Loop Current Eddy cuts off; oil danger to Keys now greatly reduced

By: Dr. Jeff Masters , 2:24 PM GMT on May 28, 2010

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A major ocean current re-alignment is underway the Gulf of Mexico right now, and the new configuration that is developing greatly reduces the threat of oil entering the Loop Current and affecting the Florida Keys and U.S. East Coast. As I explain in my Loop Current Primer, the Loop Current is an ocean current that transports warm Caribbean water through the Yucatan Channel between Cuba and Mexico. The current flows northward into the Gulf of Mexico, then loops southeastward just south of the Florida Keys (where it is called the Florida Current), and past the western Bahamas. Here, the waters of the Loop Current flow northward along the U.S. coast and become the Gulf Stream. With current speeds of about 0.8 m/s, the Loop Current is one of the fastest currents in the Atlantic Ocean. Every 6 - 11 months, the top bulge of the Loop Current cuts off, forming a 250-mile diameter circular eddy in the middle of the Gulf of Mexico. This clockwise-spinning eddy is filled with warm water from the Loop Current, and is called a Loop Current Eddy. The main body of the Loop Current then takes a fairly direct eastward path from the Yucatan Channel to the Florida Keys.

Over the past two days, surface currents in the Gulf of Mexico have aligned to form a Loop Current Eddy, as seen in the analysis of surface currents done by the U.S. Navy (Figure 1, and see also a 30-day animation of the eddy forming.) It remains to be seen if the deep water currents have followed suit, and a stable Loop Current Eddy cannot exist until the deep water currents also cut off into a clockwise-rotating ring of water at depth. A NOAA Hurricane Hunter aircraft is out over the Gulf of Mexico today dropping expendable buoys and current probes to determine if a stable Loop Current Eddy has formed. Roffer's Ocean Fishing Forecast Service has a nice discussion on the Loop Current Eddy formation.


Figure 1. Comparison of surface currents in the Gulf of Mexico on May 19 (top) and May 27 (bottom) as simulated by the HYCOM model. On May 19, the Loop Current made a large northward loop into the Gulf, and was able to transport oil from the near the spill location southwards through the Keys. By May 27, this loop had cut off, and new oil moving southwards from the spill will now be trapped in the clockwise rotating Loop Current Eddy that is cut off from the Loop Current. Note on the west side of the Gulf of Mexico, off the coast of Texas, there is an old Loop Current Eddy that cut off from the Loop Current in July 2009. This eddy cut off in the same location as this week's eddy, and has drifted west-southwestward at 3 - 5 km per day over the past ten months. Image credit: U.S. Navy.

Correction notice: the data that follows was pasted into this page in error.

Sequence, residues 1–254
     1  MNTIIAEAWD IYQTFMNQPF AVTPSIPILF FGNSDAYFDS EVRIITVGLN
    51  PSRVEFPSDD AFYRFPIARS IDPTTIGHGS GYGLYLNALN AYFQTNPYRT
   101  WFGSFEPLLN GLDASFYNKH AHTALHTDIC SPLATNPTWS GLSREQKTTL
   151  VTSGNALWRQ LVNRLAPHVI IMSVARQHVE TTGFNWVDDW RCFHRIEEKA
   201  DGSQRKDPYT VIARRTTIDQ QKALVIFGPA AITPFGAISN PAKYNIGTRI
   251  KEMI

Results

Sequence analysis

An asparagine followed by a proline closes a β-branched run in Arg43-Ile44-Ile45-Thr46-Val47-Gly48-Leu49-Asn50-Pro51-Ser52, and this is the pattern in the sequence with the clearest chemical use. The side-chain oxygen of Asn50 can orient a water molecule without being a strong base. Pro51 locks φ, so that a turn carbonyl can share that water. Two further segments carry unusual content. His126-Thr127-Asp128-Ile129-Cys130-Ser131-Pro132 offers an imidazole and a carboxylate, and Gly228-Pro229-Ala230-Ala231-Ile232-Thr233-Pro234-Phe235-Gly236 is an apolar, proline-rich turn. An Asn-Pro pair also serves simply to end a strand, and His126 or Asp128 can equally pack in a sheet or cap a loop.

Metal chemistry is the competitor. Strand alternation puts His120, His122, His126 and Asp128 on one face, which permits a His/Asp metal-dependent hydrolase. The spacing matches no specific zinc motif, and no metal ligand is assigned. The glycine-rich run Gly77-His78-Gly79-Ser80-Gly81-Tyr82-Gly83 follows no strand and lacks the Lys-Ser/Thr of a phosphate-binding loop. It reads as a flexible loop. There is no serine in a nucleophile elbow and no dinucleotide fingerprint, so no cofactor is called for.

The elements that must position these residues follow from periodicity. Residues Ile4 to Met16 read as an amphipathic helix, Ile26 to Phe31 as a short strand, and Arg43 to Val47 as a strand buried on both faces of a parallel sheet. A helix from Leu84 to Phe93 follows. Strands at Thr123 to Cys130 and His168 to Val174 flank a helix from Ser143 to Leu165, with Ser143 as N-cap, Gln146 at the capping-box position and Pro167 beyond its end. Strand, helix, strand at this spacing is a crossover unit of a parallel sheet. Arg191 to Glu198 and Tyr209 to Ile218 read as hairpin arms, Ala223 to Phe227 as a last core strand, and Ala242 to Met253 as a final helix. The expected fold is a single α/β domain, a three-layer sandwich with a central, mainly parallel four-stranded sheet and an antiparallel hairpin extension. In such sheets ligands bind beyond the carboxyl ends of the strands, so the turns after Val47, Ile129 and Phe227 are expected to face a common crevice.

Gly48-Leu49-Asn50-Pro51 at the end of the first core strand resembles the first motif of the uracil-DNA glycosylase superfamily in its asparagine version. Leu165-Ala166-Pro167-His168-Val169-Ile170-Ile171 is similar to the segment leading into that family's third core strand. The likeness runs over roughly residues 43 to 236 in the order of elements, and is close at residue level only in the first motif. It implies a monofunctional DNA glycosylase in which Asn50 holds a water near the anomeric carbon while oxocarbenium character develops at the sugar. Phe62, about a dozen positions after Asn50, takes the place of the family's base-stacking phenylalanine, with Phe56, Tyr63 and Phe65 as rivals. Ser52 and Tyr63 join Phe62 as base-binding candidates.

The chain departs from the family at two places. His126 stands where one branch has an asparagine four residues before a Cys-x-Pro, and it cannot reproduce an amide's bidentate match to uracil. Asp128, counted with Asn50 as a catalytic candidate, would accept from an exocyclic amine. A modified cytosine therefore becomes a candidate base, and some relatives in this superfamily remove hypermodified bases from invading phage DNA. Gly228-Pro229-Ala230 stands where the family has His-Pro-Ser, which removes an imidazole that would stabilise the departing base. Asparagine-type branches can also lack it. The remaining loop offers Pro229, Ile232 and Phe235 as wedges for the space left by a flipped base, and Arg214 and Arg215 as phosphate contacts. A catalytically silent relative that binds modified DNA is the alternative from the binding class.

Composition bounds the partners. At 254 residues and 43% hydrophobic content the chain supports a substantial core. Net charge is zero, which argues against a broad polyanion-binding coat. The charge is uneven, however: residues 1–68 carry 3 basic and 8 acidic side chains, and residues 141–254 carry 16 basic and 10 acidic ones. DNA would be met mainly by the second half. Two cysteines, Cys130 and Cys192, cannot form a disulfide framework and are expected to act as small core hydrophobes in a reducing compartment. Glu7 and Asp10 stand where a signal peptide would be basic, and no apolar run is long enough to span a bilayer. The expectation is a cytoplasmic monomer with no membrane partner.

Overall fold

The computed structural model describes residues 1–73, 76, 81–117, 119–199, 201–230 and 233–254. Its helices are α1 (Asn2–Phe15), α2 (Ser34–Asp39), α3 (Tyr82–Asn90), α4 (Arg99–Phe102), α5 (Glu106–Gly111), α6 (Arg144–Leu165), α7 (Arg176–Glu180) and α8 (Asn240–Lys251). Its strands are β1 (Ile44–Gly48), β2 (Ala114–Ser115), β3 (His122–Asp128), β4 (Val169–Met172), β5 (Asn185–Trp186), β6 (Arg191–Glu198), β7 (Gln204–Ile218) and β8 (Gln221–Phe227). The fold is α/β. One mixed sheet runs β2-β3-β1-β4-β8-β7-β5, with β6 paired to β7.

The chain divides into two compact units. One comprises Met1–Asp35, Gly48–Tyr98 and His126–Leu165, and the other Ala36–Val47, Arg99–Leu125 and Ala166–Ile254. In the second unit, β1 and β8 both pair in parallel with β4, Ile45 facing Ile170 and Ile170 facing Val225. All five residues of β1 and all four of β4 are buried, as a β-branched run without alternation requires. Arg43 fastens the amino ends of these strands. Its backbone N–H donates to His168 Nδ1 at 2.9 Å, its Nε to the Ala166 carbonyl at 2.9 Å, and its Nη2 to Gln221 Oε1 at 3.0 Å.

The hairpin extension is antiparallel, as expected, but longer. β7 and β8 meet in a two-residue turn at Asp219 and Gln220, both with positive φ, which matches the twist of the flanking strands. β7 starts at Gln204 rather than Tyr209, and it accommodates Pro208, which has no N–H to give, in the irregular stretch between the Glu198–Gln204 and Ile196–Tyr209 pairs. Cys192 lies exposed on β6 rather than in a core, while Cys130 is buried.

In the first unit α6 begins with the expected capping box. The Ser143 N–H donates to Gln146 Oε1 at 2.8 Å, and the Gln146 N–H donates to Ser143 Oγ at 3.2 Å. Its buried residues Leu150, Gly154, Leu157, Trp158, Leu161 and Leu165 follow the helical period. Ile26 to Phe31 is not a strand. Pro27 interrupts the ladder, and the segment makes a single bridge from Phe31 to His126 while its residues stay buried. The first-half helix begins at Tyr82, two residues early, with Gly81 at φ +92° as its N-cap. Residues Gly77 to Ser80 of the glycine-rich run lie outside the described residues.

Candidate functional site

If the eddy does remain in place, it will greatly reduce the chances of oil making it to Cuba, the Florida Keys, and beyond. Any oil moving southwards from the spill location will now become entrained in the eddy, and will move in a 250 mile-wide clockwise circle in the east-central Gulf of Mexico. A small portion the oil will get shed away from the eddy's periphery and make it into the Loop Current and waters surrounding the eddy, but the concentrations of oil doing so will be small. Keep in mind, though, that during the first 1 - 2 months that a Loop Current Eddy forms, it is common for the eddy to exchange substantial amounts of water with the Loop Current, and in some cases get re-absorbed into the Loop Current. A 1-year animation of the Loop Current shows that the last Loop Current Eddy, which cut off in mid-July 2009, experienced a 2-week period in early August when it re-attached to the Loop Current. A significant portion of any oil entering the eddy during a period of re-attachment will be able to enter the Loop Current and flow past the Keys.